For Atlanta's Vine City, A Second Stadium Brings A Second Chance

May 6, 2016

Imagine living on a street where four out of 10 homes are vacant, nearly half of your neighbors live below the poverty line and a quarter don’t go to a job every day.

That place exists only two miles from downtown Atlanta, despite more than $100 million spent to revitalize the area since the 1990s.

Vine City and English Avenue were poised for a turnaround when the Georgia Dome, home of the Atlanta Falcons, opened in 1992.

It didn’t happen then, and questions remain whether the neighboring Mercedes-Benz Stadium, set to open in 2017, will bring a second chance to these communities.

Maurice White lived in English Avenue and witnessed the first wave of hope for revitalization.

Today, he chairs the Land Use and Zoning Committee of Neighborhood Planning Unit (NPU) L, which serves Vine City and English Avenue.

I sat down with White to ask what might be different this time.  

Interview highlights

On people who live in Vine City and English Avenue

"Vine City and English Avenue have a very long history. It is very common for me to come across property owners, neighborhood residents, who have been there 30 plus years. It has a high level of community pride. I think that the history over the last 20 or 30 year period, with probably being the epicenter of the heroin problem in the United States, those people have been severely marginalized. But they're still there. There's enough of that foundation still there that hasn't fled to the suburbs or hasn't left the neighborhood to its own devices."

Hear what residents of Vine City and English Avenue have to say about the future of the neighborhoods.

Many homes in the neighborhoods also have absentee owners.
Credit Sam Whitehead / GPB

On two neighborhoods intertwined

"The locals would certainly say it's two different communities. The word that I've heard used is 'sister communities.'"

On code enforcement

“What I've seen is that code enforcement is very active and that they are open to community input. But we're still dealing with city government. They have a huge scope of work. What we're concerned with are the two neighborhoods."

On absentee landlords

“I would say there's a huge problem with the owners being absentee landlords or absentee investors. There's no doubt. I think that's probably the biggest problem. That's probably the one of the biggest issues that code enforcement even attempts to address.”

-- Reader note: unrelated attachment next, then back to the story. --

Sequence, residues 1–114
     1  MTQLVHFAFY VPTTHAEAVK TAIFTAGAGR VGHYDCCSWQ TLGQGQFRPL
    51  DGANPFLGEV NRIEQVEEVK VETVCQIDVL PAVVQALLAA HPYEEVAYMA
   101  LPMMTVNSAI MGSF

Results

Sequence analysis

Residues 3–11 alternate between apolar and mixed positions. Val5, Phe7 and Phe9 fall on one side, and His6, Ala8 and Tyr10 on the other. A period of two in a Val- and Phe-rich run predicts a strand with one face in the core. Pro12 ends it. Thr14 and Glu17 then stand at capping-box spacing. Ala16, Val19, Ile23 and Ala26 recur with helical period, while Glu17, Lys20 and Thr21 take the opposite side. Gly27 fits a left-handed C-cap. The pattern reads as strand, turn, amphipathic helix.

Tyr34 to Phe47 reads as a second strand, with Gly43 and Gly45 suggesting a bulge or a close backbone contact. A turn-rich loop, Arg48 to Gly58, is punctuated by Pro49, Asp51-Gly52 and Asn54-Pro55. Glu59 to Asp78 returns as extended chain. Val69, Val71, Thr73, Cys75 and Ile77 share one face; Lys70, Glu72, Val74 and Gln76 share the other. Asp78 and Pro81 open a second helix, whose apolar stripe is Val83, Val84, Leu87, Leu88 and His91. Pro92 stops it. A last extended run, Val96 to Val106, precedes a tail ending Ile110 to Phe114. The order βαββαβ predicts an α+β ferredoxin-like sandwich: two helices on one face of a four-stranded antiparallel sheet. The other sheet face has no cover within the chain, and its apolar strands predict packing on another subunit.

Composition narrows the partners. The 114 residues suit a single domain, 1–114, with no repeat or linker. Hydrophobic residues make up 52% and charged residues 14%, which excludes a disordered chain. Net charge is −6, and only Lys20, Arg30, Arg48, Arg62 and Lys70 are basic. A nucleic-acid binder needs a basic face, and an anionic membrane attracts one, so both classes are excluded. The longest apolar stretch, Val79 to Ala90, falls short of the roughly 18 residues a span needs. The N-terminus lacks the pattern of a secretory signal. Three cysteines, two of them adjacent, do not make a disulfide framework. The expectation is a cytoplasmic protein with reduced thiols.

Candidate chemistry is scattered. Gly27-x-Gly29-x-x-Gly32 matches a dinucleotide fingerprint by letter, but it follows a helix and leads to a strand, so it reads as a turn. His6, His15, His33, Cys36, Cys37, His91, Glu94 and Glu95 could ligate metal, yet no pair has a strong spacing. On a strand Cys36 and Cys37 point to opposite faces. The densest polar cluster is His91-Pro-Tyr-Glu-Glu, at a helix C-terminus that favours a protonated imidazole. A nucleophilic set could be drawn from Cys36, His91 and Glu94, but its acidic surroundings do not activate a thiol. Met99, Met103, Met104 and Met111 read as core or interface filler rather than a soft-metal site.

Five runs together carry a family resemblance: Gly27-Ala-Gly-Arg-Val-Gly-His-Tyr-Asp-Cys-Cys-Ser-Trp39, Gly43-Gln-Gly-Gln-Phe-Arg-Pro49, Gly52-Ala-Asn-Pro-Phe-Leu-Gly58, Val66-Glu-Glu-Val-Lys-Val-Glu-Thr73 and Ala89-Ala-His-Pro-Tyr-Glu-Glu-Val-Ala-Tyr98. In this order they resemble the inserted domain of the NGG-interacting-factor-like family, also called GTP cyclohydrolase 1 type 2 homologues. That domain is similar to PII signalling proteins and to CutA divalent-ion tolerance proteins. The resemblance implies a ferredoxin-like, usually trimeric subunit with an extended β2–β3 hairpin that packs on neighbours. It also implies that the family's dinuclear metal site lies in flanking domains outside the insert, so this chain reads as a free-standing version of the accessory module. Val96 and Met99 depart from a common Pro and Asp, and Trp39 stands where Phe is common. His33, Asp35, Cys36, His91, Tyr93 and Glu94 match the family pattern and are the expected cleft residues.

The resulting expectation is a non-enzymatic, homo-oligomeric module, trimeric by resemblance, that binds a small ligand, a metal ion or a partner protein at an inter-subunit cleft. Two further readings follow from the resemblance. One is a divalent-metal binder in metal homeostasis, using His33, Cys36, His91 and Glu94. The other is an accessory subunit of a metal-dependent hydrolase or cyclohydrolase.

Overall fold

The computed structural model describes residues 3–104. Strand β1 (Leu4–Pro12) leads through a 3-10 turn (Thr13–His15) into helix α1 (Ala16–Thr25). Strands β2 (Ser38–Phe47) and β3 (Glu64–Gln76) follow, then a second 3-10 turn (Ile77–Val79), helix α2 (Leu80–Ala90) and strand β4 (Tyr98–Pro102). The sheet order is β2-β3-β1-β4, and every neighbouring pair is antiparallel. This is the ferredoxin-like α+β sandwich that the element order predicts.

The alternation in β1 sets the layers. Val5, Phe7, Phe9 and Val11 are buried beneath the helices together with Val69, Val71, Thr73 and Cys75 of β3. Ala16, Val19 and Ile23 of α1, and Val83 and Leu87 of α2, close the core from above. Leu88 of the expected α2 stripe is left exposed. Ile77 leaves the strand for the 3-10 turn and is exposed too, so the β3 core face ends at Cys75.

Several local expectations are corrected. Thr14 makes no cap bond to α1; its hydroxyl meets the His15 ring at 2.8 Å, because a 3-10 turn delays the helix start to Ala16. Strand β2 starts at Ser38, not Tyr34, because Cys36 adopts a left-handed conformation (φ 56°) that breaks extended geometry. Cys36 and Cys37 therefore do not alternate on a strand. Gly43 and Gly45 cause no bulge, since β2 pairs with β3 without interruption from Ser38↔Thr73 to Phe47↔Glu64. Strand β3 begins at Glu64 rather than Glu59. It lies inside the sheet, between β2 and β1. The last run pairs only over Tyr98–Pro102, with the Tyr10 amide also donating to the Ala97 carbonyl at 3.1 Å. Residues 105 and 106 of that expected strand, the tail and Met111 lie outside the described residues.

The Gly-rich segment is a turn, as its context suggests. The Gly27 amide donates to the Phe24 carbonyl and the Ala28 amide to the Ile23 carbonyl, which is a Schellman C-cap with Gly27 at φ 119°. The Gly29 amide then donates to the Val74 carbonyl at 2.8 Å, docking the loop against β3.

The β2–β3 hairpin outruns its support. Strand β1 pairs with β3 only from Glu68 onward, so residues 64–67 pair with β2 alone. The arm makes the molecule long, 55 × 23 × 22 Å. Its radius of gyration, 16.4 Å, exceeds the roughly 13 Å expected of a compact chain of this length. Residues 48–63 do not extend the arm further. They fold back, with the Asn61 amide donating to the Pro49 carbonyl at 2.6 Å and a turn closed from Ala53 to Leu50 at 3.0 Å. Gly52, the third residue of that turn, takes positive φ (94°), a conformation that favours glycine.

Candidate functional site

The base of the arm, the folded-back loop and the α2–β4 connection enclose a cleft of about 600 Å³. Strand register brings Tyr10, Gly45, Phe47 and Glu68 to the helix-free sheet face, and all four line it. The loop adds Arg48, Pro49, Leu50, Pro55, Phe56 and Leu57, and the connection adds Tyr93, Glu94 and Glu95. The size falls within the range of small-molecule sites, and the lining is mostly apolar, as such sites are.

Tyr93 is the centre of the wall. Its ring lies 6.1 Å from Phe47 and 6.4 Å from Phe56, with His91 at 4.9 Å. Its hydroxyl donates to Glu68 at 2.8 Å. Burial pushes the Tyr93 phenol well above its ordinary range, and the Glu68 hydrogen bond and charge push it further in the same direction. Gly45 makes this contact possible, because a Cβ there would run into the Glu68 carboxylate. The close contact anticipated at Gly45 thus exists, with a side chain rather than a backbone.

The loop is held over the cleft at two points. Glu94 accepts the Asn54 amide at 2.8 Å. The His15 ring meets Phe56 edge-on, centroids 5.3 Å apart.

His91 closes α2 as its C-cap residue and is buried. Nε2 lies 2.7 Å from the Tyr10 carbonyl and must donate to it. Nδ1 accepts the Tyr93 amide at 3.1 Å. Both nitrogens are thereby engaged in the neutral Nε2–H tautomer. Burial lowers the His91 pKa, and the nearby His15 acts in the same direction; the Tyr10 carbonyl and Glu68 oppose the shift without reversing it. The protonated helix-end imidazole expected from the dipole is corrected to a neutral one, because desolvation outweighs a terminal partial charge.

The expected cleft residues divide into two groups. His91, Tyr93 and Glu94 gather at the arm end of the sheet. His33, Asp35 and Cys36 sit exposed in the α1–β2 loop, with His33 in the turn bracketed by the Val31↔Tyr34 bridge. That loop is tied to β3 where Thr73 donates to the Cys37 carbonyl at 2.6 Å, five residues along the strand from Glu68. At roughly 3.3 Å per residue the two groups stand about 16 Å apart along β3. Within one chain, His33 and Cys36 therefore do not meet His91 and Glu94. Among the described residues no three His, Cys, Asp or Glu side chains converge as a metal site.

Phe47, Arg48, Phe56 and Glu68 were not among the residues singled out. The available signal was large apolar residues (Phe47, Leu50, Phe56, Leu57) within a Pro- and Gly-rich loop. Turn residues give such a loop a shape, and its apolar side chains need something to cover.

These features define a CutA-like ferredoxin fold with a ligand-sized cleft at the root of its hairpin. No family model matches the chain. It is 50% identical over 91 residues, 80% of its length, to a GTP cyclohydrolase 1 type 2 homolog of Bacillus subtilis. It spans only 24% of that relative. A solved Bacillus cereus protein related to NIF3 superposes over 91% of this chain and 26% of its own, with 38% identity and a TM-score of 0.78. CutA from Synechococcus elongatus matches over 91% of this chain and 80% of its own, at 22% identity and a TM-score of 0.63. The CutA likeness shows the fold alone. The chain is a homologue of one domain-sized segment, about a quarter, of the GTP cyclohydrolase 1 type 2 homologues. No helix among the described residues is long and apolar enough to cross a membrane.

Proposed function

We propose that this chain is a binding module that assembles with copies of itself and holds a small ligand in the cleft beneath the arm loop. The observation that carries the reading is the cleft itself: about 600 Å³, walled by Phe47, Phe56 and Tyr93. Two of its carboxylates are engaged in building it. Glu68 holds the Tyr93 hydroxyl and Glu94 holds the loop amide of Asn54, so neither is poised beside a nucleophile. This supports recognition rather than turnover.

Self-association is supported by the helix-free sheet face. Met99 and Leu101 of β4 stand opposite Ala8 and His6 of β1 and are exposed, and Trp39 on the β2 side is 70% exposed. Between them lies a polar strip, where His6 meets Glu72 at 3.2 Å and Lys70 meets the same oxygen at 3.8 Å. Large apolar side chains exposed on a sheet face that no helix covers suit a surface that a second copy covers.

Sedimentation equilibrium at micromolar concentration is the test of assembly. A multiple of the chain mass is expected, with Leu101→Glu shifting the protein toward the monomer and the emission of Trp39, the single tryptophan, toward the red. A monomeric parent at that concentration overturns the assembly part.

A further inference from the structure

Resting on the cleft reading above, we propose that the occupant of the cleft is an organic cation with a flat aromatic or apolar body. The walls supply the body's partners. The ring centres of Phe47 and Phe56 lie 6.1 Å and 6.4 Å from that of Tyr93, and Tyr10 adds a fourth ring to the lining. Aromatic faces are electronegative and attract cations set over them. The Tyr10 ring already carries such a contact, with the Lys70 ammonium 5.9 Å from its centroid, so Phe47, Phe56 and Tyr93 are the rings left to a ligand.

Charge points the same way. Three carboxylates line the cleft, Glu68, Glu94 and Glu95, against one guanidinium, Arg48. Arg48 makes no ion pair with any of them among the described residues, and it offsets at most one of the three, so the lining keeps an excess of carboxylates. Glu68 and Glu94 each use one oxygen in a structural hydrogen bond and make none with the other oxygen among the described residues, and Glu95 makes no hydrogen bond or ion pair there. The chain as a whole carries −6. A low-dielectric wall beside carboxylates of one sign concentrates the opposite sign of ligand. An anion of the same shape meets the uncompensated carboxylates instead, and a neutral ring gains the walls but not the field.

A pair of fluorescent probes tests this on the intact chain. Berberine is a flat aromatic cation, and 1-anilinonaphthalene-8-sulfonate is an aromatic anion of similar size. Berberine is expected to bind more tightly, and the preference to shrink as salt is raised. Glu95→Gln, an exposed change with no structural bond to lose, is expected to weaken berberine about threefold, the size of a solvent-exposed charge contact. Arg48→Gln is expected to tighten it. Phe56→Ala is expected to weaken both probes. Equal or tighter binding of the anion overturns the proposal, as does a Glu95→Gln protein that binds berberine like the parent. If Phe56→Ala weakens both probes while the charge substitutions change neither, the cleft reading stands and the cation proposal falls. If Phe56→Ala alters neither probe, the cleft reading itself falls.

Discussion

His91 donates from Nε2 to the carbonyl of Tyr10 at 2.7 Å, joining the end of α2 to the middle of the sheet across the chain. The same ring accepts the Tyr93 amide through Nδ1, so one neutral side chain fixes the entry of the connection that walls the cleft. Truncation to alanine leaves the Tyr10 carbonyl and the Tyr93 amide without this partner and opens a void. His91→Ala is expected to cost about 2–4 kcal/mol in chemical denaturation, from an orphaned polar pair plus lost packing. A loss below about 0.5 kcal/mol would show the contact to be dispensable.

On the impact of abandoned houses

“I think it's total. From the health and welfare, both physically and mentally, to the youth who are growing up in conditions where trash and refuse and boarded up buildings, possible illegal activities in the properties. That's par for the course. It really lends to the overall stagnation in the community I would say.”

The English Avenue Elementary School building. Not even schools are exempt from falling into disuse.
Credit Sam Whitehead / GPB

On the failure to revitalize

“There was an era, probably in the mid to late 2000s, where there was a lot of construction, a lot of building, a lot of the infill lots were getting put in with new construction. It really looked like there was a positive change at that point. But the prevailing problem was sub par construction."

Learn about a program trying to bring new homeowners into English Avenue and Vine City.

On history repeating itself

“I think the difference now is that we've been through that. We weathered that storm. I think we're a lot better prepared this time.”

English Avenue and Vine City sit in the shadow of the Georgia Dome and Mercedes-Benz Stadium, pictured in the distance.
Credit Sam Whitehead / GPB

On who’s responsible for Vine City and English Avenue

“I would argue everyone. The neighborhood stakeholders, the current residents, certainly the City and the public services are responsible. The private sector. The [Mercedes-Benz] stadium. We have MARTA, we have Coca-Cola on the fringes of our neighborhood, we have Georgia Tech. I think that it's a partnership that is going to allow any neighborhood to be revitalized or be successful."

On the pros and cons of opportunity

"Opportunity is going to be good because opportunity denotes possibilities. But, again, we have to be aware of our history and of the things that happened here so we don't repeat those same mistakes. I want to really be focused on the positive side as opposed to saying what didn't work and have a very proactive ideas and very proactive action in terms of making some things work and putting together effective programs that will be sustainable so that there won't be someone else in my seat 20 years from now having this same conversation."

Weeds grow in the front yard of a boarded-up home in English Avenue.
Credit Sam Whitehead / GPB